- - Monday, November 26, 2018

Rep. Nancy Pelosi, California Democrat, likely to again be the House majority leader, has said she will push new gun-control laws as soon as the Democrats get the gavel back in January. So how will a Democrat-controlled House affect your Second Amendment-protected freedom?

Republicans do still hold the Senate by a slim margin and President Donald J. Trump could veto legislation, so gun-control bills passed by the House aren’t likely to become law. Instead, they are more likely to be passed to create political talking points in 2020.

“Expect hearings on taxpayer-funded gun violence research, magazine restrictions, ammunition bans, age-based gun bans and attempts to outright ban entire classes of firearms,” says Larry Keane, senior vice president and general counsel for the National Shooting Sports Foundation (NSSF), the trade association for firearms manufacturers (full disclosure: I’ve done some contract work for the NSSF).

“Virginia Democratic Congresswoman-elect Jennifer Wexton defeated Rep. Barbara Comstock on a platform that included banning AR-15 modern sporting rifles and standard capacity magazines. She’s just one of several newly elected members of Congress who will be looking to make good on their campaign promises,” says Mr. Keane.

As much of the public doesn’t understand the nuances of these issues (the mainstream media has purposely not helped with this), here’s a list of what a Democrat-led House will likely take up on the gun issue and how those who respect freedom should articulate their responses.

1. Limits on magazine capacity

Bans on gun magazines over a certain size have been passed in a few states. To someone who doesn’t own a firearm, these can sound like commonsense. Anyone who shoots, however, knows such legislation isn’t practical or effective; it also likely isn’t even constitutional, as so-called “high-capacity magazines” are in common use. Also, dropping and loading a new magazine can be done in a blur with little training. Even shotguns can be loaded fast with a little practice. You can see actor Keanu Reeves do this with multiple firearm platforms (shotgun, pistol and rifle) on YouTube as he trained for the “John Wick” films.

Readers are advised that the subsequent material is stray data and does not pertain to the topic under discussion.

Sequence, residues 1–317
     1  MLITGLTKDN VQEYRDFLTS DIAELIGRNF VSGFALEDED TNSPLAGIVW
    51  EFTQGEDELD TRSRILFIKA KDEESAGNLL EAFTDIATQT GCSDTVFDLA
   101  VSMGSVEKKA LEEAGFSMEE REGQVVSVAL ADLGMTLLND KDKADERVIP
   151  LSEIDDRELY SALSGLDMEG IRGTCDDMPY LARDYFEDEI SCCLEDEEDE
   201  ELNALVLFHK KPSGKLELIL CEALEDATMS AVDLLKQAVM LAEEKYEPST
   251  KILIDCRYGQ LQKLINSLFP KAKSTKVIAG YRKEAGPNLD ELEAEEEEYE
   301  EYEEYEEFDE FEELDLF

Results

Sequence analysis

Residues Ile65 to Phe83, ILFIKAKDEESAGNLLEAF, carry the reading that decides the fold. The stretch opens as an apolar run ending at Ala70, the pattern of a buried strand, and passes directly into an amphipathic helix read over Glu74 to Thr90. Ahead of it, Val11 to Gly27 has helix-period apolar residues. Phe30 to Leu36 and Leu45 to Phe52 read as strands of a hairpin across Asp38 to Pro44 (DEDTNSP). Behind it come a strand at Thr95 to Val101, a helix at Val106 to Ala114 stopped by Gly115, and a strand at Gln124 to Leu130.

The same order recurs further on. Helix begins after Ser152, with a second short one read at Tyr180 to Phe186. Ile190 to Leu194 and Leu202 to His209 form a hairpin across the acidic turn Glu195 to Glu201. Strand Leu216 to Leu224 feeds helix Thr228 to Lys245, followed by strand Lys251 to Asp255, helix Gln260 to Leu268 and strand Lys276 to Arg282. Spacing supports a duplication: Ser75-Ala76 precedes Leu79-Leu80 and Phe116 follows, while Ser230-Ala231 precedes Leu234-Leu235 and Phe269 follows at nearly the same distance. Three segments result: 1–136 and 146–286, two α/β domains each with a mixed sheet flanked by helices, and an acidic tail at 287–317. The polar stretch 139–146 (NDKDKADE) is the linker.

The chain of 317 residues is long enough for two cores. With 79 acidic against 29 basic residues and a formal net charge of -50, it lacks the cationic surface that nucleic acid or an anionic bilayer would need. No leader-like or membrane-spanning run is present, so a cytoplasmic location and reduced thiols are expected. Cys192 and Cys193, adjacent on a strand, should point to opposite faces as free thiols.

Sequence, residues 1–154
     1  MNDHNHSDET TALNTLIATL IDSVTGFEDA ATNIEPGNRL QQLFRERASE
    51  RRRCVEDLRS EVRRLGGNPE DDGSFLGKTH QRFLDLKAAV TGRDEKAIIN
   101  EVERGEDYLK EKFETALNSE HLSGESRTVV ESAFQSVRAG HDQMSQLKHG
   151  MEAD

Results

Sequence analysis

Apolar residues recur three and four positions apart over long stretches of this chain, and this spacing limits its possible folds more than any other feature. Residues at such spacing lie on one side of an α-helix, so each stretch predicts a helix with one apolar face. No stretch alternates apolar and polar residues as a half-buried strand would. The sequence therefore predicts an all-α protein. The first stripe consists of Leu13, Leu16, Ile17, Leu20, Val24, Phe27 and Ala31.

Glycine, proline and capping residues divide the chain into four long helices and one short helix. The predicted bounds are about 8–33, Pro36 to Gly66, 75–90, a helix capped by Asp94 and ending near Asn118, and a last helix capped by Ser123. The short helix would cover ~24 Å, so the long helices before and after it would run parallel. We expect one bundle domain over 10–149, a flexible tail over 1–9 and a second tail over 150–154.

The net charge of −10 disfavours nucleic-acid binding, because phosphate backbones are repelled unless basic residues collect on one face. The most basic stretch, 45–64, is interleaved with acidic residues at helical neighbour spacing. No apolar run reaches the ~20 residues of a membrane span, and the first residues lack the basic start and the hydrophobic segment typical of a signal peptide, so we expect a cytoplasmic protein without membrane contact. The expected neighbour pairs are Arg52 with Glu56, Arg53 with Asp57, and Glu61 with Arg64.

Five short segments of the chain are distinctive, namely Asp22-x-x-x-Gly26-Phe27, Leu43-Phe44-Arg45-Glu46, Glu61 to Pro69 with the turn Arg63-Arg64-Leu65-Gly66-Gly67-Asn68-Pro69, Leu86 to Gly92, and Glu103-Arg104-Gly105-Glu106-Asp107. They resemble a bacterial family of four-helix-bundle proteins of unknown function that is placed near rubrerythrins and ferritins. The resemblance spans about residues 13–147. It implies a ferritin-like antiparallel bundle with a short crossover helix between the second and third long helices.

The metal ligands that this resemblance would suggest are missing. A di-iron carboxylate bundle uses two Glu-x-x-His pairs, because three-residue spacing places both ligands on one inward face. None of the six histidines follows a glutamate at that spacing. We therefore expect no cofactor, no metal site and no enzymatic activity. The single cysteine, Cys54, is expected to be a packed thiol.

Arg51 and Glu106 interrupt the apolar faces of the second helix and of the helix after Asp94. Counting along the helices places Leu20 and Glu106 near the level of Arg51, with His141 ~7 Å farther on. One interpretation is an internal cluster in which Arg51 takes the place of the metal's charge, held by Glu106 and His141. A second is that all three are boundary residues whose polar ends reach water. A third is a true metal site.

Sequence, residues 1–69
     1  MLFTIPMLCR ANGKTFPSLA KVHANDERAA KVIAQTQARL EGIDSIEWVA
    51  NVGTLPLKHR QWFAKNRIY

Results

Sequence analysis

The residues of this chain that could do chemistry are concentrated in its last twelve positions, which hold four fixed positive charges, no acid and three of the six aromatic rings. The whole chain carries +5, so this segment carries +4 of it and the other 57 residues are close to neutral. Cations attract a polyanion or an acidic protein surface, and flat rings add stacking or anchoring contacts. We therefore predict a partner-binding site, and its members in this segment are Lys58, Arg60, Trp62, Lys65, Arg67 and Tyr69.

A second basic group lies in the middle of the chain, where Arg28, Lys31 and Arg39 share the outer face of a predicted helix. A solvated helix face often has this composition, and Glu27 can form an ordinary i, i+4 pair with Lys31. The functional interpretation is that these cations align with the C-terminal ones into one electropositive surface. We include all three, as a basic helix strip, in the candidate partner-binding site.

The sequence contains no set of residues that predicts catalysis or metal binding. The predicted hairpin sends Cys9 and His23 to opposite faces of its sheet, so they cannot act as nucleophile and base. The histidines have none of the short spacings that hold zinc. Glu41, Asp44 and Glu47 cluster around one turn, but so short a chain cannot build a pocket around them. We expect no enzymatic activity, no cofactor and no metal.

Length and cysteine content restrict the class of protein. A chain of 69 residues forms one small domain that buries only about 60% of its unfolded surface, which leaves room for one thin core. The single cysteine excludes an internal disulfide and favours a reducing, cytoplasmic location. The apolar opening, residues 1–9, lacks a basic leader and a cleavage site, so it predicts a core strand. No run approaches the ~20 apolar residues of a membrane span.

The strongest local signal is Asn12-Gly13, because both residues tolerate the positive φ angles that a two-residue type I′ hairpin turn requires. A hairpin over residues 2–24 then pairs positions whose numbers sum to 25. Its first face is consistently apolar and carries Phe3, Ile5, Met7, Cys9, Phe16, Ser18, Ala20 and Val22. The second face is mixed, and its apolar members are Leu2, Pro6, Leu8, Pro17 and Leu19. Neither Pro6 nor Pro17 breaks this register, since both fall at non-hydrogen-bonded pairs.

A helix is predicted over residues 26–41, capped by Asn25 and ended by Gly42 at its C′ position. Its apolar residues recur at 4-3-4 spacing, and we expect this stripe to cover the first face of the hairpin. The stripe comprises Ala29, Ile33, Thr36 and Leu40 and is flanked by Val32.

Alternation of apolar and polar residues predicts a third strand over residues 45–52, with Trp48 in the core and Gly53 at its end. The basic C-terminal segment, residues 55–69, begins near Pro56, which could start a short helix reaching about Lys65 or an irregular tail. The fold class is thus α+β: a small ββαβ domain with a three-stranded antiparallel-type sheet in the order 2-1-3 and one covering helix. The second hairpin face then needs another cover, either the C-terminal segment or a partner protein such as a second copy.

2. Bans on “assault weapons”

Research shows that the 1994 “Federal Assault Weapons Ban” didn’t have any impact on the murder rate during the 10 years it was in effect. This isn’t surprising for a lot of reasons starting with the fact that the FBI’s “uniform crime reports” consistently show that rifles of all types are used in less than 3 percent of murders. The semiautomatic firearm design is also the most popular gun type sold today; in fact, the AR-15 was hardly the first semiautomatic rifle popularly sold to the public. In the very early 20th century many American gun makers made a of semiautomatic rifles and pistols for the public. The problem isn’t this gun design.

3. Bans on “bump stocks”

The Bureau of Alcohol, Tobacco, Firearms and Explosives (ATF) is already taking care of this issue. It was the ATF during the Obama administration that approved bump stocks for sale in the first place.

4. “Universal” background check laws

“Universal” is in quotes because criminals by definition won’t submit to background checks, so such a bill would hardly by universal. What this kind of legislation does is make buying firearms more expensive, as gun stores will have to charge to call the background checks into the FBI’s National Instant Criminal Background Check System (NICS). So this would be a particular burden on poorer Americans. Also, as most murders in the United States are committed with illegal handguns (not with guns legally purchased at a gun store or from a private person, but with stolen handguns sold on a black market), such legislation is unlikely to reduce the murder rate.

5. Increases in age limits

Do we really want to live in a country that recruits and trains 18 year olds to fight for us, but that doesn’t allow these same legal adults to buy firearms here in the land of the free?

6. Mandates for “smart guns”

A mandate for “smart guns” is an unconstitutional gun ban of everything now available in a very diverse marketplace. Such a mandate would attempt to force people to buy unproven, experimental firearms and to put a battery between themselves and murderers, rapists, and so on. Just the threat of mandates has already all but ended the development of this technology.

7. Funds for “gun violence” research

There is no federal ban for funding research into gun violence. There is a ban on using federal funds for advocacy on this issue. The “Dickey Amendment” was first inserted as a rider into the 1996 federal government omnibus spending bill that mandated that “none of the funds made available for injury prevention and control at the Centers for Disease Control and Prevention (CDC) may be used to advocate or promote gun control.”

• Frank Miniter is the author of “Spies in Congress: Inside the Democrats’ Covered-Up Cyber Scandal” (Post Hill Press, 2018).

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